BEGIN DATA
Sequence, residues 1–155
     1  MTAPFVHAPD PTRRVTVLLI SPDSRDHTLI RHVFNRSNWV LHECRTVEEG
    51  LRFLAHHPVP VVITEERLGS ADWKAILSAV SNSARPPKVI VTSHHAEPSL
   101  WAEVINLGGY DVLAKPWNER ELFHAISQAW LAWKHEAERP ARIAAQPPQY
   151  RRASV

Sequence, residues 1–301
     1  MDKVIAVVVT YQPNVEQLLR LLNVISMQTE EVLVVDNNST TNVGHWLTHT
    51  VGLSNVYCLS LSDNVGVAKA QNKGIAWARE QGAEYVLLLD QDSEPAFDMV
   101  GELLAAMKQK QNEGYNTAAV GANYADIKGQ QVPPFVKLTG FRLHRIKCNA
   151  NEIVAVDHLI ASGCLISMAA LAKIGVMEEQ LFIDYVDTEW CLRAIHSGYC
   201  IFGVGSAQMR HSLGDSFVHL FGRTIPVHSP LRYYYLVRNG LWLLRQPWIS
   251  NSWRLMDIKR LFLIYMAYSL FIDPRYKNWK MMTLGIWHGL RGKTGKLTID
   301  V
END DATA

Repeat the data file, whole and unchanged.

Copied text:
Sequence, residues 1–155
     1  MTAPFVHAPD PTRRVTVLLI SPDSRDHTLI RHVFNRSNWV LHECRTVEEG
    51  LRFLAHHPVP VVITEERLGS ADWKAILSAV SNSARPPKVI VTSHHAEPSL
   101  WAEVINLGGY DVLAKPWNER ELFHAISQAW LAWKHEAERP ARIAAQPPQY
   151  RRASV

Sequence, residues 1–301
     1  MDKVIAVVVT YQPNVEQLLR LLNVISMQTE EVLVVDNNST TNVGHWLTHT
    51  VGLSNVYCLS LSDNVGVAKA QNKGIAWARE QGAEYVLLLD QDSEPAFDMV
   101  GELLAAMKQK QNEGYNTAAV GANYADIKGQ QVPPFVKLTG FRLHRIKCNA
   151  NEIVAVDHLI ASGCLISMAA LAKIGVMEEQ LFIDYVDTEW CLRAIHSGYC
   201  IFGVGSAQMR HSLGDSFVHL FGRTIPVHSP LRYYYLVRNG LWLLRQPWIS
   251  NSWRLMDIKR LFLIYMAYSL FIDPRYKNWK MMTLGIWHGL RGKTGKLTID
   301  V